by Will Knight / NewScientist.com News Service –
LONDON (January 12, 2004) — Clouds of artificial fog could be used to defend nuclear power stations against airborne terrorist attacks under proposals currently being considered in Germany.
A spokeswoman at Germany’s Federal Environment Ministry confirmed that the companies that operate the country’s 18 nuclear power stations are assessing the installation of artificial fog machines as a defence against suicide attacks from the air, alongside other possibilities.
Under the proposal, “a nuclear power plant under attack is surrounded within seconds by an artificial, dense wall of fog,” reads a statement from the ministry. Fog or smoke would disguise a power station’s location from the air. Although radar can penetrate fog, commercial aircraft are not fitted with radar systems capable of identifying structures on the ground.
Gone with the Wind
However, some experts say defending a nuclear plant with fog or smoke would require overcoming numerous problems, including the weather. “The big thing is wind,” says Ben Eden, managing director of Pea Soup, a UK-based company that makes fog and smoke machines. “If it’s really windy they would have lost already.”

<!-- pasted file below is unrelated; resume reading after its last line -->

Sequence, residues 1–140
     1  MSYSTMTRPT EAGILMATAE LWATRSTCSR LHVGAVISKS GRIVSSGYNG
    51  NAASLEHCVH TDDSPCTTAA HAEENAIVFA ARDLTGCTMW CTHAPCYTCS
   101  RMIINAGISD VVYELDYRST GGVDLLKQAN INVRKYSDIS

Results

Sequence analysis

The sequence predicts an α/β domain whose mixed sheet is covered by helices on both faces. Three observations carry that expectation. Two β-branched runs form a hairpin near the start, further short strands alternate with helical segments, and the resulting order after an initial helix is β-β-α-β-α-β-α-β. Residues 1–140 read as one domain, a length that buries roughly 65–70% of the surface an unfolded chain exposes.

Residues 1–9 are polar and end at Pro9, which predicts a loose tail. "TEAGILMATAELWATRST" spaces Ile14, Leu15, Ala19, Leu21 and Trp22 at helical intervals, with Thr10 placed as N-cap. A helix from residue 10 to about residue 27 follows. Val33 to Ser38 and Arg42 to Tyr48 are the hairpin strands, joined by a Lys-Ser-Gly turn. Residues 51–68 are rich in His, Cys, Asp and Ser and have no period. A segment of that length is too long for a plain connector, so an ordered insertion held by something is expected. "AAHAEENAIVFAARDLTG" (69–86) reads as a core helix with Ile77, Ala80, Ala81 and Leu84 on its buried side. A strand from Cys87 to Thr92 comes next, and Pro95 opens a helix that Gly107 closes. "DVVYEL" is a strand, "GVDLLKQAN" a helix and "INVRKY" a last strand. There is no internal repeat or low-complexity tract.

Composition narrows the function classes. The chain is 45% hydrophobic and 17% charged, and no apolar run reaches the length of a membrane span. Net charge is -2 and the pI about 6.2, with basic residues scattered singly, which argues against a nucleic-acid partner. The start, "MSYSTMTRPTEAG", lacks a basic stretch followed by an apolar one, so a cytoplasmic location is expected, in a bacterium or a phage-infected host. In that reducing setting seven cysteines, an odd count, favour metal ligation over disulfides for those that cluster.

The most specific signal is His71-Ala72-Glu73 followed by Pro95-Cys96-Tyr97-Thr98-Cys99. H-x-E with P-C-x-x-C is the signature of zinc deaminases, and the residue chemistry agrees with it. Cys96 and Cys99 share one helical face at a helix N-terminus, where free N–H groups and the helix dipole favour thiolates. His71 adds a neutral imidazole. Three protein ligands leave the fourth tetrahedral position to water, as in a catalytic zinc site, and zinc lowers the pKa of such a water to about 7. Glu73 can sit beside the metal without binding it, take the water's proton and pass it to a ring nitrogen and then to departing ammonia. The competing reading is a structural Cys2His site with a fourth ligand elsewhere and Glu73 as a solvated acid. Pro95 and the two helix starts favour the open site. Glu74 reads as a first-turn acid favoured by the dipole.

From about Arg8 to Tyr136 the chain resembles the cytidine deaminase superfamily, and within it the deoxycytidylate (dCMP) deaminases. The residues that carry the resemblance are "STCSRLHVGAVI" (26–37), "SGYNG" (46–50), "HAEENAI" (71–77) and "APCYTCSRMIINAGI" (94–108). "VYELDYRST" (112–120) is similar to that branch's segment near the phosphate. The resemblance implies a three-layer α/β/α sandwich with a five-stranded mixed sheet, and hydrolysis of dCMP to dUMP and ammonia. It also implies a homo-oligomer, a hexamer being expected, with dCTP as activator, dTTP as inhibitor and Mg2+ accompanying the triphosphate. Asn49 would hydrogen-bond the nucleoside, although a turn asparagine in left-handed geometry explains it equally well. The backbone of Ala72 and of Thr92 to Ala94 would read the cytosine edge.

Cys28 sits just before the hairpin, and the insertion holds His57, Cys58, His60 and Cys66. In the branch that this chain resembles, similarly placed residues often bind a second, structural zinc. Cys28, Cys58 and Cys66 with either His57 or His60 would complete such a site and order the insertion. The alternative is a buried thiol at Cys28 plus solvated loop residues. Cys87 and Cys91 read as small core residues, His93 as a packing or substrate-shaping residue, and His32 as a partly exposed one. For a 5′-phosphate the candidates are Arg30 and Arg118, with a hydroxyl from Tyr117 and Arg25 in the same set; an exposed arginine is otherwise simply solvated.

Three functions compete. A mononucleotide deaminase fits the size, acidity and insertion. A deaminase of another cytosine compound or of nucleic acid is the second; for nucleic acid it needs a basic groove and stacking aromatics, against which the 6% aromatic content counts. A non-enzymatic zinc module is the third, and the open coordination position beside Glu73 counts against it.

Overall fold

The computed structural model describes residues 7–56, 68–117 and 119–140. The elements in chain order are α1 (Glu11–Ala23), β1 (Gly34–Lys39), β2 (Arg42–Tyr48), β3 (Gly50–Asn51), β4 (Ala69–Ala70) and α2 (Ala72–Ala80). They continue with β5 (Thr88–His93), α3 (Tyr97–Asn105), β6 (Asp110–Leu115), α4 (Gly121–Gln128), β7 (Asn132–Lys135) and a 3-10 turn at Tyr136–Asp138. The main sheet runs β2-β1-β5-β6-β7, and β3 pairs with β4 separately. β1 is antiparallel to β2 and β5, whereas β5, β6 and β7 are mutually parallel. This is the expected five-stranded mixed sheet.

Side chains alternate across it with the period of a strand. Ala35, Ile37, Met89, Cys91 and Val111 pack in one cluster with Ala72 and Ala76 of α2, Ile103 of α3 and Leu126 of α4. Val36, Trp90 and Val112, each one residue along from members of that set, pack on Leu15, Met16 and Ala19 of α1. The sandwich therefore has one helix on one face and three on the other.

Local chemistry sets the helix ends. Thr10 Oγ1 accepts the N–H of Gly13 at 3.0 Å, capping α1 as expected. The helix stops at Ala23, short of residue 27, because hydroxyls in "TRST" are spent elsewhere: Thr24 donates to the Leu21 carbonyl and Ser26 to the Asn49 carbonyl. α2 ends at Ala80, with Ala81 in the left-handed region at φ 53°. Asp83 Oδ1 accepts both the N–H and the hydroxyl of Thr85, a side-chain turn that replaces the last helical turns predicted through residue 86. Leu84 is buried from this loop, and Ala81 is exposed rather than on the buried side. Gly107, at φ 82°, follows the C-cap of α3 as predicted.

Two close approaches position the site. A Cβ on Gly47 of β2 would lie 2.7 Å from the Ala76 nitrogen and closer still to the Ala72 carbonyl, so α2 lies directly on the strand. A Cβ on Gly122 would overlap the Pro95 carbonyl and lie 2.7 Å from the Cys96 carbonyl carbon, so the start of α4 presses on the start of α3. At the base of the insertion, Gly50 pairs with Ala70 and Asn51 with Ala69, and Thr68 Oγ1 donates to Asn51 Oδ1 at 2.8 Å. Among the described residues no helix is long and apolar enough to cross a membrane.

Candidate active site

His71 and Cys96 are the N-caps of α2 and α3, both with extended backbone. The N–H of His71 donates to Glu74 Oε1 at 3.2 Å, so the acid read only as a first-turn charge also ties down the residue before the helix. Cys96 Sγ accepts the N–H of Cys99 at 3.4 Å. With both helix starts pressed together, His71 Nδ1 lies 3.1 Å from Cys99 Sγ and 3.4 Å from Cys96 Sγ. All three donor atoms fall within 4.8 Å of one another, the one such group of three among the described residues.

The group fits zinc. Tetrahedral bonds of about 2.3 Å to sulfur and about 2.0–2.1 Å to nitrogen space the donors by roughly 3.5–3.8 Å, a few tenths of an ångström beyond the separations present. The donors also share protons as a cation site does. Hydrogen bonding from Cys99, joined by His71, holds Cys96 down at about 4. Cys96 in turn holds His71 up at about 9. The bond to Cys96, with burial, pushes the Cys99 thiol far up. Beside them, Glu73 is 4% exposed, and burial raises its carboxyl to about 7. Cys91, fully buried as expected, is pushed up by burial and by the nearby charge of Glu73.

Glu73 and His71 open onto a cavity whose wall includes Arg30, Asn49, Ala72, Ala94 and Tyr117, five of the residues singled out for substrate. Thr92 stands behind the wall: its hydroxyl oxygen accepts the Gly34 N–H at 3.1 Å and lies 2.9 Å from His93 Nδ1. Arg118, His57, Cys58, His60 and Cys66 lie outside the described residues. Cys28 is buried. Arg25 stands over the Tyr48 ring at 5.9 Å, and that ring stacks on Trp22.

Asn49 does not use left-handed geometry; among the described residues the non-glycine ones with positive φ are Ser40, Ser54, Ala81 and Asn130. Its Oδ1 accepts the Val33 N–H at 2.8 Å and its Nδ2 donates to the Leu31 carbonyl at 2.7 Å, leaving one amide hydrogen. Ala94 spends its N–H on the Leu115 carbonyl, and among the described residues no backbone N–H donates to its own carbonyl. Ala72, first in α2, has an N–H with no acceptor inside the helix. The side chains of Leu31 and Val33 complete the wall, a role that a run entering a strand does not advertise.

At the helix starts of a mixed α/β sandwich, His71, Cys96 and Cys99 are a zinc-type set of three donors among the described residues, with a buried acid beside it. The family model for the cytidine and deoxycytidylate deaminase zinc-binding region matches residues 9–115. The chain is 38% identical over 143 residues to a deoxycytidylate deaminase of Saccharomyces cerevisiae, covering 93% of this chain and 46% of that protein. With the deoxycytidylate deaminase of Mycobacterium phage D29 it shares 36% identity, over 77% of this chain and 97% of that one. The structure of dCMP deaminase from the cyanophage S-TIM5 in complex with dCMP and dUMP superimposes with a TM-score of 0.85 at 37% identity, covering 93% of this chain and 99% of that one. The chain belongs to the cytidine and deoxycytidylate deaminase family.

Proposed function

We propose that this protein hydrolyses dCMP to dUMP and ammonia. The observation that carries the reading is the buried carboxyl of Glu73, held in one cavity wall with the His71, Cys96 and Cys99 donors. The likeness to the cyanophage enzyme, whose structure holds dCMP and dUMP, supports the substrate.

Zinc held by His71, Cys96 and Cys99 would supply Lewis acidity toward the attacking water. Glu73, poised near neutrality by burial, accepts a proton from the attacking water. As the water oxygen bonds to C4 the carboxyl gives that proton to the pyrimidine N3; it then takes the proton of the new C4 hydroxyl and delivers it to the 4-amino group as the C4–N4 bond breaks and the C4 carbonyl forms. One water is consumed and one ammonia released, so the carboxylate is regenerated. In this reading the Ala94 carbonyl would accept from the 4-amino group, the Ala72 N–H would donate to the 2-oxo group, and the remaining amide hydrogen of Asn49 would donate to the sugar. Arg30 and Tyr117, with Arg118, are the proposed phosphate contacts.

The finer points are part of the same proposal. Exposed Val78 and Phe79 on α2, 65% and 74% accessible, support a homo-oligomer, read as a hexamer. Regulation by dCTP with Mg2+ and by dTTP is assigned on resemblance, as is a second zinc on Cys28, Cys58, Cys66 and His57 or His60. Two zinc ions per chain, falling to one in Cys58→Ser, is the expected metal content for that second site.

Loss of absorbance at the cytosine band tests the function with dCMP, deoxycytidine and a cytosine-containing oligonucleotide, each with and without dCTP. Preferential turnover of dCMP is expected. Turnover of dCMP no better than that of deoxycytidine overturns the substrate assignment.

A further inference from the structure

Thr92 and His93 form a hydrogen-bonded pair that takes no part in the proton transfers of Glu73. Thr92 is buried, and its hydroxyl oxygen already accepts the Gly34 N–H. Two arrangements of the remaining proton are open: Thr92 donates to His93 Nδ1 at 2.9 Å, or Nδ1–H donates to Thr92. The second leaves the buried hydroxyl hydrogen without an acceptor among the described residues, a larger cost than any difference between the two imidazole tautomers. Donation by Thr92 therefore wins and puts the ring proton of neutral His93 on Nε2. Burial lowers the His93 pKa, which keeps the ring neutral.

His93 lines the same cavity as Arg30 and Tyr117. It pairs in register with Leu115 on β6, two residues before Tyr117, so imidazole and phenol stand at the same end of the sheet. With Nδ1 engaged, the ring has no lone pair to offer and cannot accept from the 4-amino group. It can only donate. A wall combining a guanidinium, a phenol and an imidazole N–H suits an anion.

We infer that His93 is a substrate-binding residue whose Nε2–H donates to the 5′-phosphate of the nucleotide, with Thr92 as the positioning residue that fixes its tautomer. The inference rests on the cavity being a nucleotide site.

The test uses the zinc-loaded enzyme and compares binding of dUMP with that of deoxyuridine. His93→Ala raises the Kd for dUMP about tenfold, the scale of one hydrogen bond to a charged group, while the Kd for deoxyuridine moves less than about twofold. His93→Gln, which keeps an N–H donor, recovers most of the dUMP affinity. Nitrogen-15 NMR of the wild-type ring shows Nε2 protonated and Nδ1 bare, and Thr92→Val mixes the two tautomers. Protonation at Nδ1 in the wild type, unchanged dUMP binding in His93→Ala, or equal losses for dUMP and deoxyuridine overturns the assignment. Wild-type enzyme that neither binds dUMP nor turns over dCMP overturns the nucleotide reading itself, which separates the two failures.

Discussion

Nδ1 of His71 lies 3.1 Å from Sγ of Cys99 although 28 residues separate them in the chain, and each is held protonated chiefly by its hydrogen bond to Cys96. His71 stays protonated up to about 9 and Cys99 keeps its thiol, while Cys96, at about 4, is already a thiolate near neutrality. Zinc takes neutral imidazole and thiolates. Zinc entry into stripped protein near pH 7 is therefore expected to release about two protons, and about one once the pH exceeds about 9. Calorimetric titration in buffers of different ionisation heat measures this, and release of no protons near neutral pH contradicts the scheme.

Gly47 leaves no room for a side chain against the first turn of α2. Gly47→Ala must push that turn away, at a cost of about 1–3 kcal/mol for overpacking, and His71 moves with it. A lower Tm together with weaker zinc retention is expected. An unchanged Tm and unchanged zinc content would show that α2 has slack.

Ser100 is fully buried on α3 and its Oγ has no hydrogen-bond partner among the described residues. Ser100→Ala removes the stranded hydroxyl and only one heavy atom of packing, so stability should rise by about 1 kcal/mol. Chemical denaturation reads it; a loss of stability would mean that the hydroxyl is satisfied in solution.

Eden adds that hiding a large building would require a number of mobile fog or smoke machines, each of which would take up to 10 minutes to start. “It could certainly hide the building, but there are many factors,” he told New Scientist.
Chris Foss, of the industry publication Jane’s Defence Weekly, also questions the viability of such a defence. “You’re going to need smoke that covers a large area very quickly,” he says. “Also, what happens to your own people on the ground?”
A more feasible system might be to shoot down incoming aircraft using missile defence systems installed at nuclear plants, says Foss, as is being considered in the US. But this would require a huge investment of manpower, he says.
Smoke and Mirrors
The German proposals are a response to a report commissioned by the country’s environment ministry shortly after the terrorist attacks in the US on 11 September 2001. That concluded Germany’s power stations are inadequately protected against attack from the air.
The report revealed that even a small jet liner could cause enough damage to Germany’s older plants to result in a disastrous dispersal of radioactive material. Newer plants could be similarly damaged by a large passenger jet, it concluded.
The ministry spokeswoman told New Scientist that a decision on which defensive measures will be implemented is expected within months.
Using smoke to mask a target is routinely used in military conflicts. For example, in 2003 the Iraqi army set alight reservoirs of oil in an attempt to hide targets inside Baghdad from US and allied bombers. However, this proved ineffective against missiles using global positioning system (GPS) satellites to navigate.
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